I still get nightmares with a slew of pre-installed software during my time with Windows-powered computers, be they laptops or desktops. Thankfully, those memories remain in the past as the Honor MagicBook 14 does not come with any bloatware. While it ships with PC Manager that will load and install new drivers discretely in the background, this is not an issue at all. In addition, you can still configure it in a way for the battery to remain between 40 and 70 percent charged, so as to increase the lifespan of the battery.
The devil is in the details
One must take note that the MagicBook 14 is a mid-range device, so expect there to be flaws that accompany it. During this time where social distancing is the buzzword, and much daily communication is done over a webcam, I feel that the MagicBook 14's biggest flaw would be the location of its pop-up webcam. It is placed in between the F6 and F7 keys, popping up when in use and receding when not needed. The angle of the webcam results in a less-than-flattering view of yourself in the sight of others. Unfortunately, the webcam's position is fixed, and there is no way to adjust the viewing angle.
Another point to take note of: I am unable to tell which of the two Type-A ports supports USB 3.0, with the other being USB 2.0 as there are no external markings for the user to refer to. There is no indication at all to determine the faster Type-A port that virtually everyone would prefer to use, requiring me to dive into the manual to find out. The fast port is located on the left.
It is a no-brainer to figure out the USB-C connection that offers fast charging capability (plug it in for 30 minutes and achieve an average charge of 46 percent) and USB 3.1 data transfer. You will be able to hook up external displays to the MagicBook via HDMI (which would most probably be HDMI 2.0 based on the processor that runs underneath the hood).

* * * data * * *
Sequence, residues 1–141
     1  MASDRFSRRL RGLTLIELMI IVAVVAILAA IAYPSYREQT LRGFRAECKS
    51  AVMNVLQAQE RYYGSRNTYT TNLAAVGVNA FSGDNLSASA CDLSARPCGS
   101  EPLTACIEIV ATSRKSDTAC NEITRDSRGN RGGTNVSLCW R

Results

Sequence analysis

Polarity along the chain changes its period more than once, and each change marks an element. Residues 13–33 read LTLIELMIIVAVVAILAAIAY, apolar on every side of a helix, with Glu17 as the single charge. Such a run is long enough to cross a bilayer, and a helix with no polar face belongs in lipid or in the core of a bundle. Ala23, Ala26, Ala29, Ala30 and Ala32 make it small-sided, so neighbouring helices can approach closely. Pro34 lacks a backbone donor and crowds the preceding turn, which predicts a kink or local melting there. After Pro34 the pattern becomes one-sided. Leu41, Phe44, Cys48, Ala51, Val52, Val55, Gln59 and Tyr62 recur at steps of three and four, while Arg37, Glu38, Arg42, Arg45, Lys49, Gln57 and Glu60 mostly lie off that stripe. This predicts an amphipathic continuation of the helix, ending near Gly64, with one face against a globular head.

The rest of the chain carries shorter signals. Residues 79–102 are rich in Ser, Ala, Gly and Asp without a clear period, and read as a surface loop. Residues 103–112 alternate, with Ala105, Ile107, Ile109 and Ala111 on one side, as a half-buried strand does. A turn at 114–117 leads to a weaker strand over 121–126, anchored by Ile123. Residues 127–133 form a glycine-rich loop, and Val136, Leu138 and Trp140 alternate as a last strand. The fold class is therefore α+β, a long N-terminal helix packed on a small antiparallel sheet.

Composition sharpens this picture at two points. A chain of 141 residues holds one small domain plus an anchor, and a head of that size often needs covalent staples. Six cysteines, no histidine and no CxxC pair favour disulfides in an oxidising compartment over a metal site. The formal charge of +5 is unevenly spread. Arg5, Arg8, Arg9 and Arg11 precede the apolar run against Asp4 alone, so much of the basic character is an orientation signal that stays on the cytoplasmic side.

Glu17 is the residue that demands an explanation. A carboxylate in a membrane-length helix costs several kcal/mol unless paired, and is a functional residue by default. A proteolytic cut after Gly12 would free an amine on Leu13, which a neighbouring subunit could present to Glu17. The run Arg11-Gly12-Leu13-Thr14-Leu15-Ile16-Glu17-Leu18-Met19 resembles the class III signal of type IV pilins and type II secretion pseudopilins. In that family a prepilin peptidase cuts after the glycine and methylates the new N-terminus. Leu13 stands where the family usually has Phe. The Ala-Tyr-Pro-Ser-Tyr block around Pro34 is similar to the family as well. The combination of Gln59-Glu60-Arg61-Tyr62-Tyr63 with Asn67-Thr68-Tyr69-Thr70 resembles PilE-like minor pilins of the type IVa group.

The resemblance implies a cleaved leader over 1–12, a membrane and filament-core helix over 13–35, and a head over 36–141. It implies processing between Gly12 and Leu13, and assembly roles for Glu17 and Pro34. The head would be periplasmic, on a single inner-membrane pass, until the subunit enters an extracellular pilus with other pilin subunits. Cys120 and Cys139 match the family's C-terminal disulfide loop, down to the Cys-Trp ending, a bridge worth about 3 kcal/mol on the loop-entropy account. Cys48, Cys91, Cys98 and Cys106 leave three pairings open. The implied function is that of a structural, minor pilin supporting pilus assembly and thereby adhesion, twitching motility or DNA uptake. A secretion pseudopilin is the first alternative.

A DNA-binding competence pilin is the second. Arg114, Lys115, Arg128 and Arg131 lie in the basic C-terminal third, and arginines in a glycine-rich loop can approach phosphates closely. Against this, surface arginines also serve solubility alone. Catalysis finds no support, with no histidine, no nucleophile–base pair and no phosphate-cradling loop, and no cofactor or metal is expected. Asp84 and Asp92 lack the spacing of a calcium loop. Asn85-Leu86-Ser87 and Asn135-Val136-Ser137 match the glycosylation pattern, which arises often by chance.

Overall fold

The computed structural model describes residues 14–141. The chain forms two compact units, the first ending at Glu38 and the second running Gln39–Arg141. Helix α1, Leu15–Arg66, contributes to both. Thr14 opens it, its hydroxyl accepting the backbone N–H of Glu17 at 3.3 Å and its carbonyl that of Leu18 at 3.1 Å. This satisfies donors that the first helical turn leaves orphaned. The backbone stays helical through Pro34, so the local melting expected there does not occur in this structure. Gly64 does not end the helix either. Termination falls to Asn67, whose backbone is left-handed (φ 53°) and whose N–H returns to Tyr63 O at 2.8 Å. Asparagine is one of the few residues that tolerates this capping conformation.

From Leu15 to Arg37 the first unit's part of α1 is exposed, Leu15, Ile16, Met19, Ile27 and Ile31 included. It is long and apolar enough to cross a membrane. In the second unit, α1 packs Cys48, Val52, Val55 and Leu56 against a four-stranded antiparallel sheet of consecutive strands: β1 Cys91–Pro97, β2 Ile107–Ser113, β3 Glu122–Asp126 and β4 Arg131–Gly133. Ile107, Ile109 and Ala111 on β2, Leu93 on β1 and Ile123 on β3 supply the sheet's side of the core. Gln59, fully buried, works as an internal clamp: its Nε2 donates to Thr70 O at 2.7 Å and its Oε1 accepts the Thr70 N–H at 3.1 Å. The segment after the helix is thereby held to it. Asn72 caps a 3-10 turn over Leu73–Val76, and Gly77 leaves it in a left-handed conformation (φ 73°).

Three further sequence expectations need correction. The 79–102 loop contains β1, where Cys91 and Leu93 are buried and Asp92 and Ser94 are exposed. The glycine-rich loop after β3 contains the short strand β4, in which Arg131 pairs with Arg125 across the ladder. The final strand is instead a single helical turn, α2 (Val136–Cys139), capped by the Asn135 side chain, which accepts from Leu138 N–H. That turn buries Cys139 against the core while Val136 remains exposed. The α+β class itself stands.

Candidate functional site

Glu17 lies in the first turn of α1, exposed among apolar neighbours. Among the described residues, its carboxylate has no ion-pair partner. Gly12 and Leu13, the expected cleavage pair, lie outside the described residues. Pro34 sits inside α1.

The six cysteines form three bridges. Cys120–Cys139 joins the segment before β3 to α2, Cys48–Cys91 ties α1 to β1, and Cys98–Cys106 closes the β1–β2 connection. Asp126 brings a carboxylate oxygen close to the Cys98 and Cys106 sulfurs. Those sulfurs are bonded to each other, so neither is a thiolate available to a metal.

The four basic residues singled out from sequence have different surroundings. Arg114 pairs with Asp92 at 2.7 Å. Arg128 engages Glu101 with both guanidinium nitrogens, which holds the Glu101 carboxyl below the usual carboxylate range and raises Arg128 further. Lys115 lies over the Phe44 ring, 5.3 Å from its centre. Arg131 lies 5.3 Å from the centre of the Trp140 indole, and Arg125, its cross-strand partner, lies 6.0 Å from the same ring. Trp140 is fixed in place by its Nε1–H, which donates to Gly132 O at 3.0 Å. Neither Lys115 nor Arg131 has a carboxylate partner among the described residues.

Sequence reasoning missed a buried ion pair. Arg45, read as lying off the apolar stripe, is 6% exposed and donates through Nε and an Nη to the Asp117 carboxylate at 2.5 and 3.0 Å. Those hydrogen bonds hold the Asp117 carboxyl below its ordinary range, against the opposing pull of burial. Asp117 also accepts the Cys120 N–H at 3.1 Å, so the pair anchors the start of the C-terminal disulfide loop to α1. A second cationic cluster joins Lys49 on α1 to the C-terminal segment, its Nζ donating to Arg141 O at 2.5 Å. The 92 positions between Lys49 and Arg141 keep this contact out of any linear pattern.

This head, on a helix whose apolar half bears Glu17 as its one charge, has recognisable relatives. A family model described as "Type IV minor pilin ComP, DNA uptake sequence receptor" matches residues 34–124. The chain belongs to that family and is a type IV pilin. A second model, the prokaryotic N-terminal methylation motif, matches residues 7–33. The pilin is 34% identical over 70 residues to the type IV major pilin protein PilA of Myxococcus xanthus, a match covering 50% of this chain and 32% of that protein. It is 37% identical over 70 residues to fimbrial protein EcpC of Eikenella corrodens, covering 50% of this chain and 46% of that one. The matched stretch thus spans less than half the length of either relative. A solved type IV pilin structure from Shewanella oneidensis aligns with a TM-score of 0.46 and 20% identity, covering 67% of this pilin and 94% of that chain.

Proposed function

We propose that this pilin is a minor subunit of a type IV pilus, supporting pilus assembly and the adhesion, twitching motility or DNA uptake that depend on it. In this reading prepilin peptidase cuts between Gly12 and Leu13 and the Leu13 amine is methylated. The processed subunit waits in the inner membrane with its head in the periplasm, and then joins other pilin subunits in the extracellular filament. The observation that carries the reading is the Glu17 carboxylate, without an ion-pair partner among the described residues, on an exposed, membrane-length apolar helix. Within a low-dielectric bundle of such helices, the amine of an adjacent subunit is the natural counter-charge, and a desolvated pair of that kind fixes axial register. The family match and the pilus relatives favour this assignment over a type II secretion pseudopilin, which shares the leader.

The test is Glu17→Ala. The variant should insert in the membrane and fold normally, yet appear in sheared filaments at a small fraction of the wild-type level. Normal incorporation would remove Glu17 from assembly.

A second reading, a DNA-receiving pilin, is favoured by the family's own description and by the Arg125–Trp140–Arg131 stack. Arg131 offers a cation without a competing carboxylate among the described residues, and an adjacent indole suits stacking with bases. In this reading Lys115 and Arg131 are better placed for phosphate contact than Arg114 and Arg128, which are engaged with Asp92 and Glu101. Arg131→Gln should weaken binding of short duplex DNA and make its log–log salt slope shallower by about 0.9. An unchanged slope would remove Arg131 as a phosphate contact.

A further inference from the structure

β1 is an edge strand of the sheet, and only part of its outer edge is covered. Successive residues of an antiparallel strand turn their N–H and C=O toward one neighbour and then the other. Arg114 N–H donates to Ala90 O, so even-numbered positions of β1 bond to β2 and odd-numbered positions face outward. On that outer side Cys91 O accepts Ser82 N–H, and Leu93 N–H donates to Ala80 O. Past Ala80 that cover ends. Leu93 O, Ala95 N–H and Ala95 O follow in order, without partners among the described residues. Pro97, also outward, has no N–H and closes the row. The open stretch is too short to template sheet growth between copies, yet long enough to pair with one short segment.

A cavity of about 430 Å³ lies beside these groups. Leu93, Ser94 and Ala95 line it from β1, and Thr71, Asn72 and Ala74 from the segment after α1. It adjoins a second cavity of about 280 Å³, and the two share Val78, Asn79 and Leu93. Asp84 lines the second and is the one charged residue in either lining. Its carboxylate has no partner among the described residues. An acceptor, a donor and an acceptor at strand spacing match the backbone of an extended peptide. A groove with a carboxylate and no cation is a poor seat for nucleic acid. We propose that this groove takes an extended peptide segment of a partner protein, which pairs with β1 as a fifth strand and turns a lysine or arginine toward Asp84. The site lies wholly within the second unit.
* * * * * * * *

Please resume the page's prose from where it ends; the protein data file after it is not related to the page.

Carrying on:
If I had bought the MagicBook 14 for £549 myself, I would probably be a very happy camper. The type of games I play run decently without any dropped frame rates, it does not crash when I work, and the overall hardware should be decent enough to last me for the next four years. The quality of workmanship also makes me suspect that this laptop is still going to look good down the road, save for the usual wear-and-tear associated with everyday use.
While 8GB of RAM without any option for expansion is not ideal, but it is sufficient for basic computing tasks such as emails, surfing, word processing, casual gaming, and video streaming. I would most probably have it run on Linux after a couple of years as Linux is far less taxing on hardware requirements across time although that would mean losing the fingerprint security option in the process.
I would suggest the Dell Inspiron 5485 with 512GB SSD as an alternative if you are looking at a more established name where laptops are concerned. That particular model is being sold around the same price, and it boasts of an Ethernet port, a memory card reader and an additional USB-A connection, although you will have to live with 33 percent less battery capacity.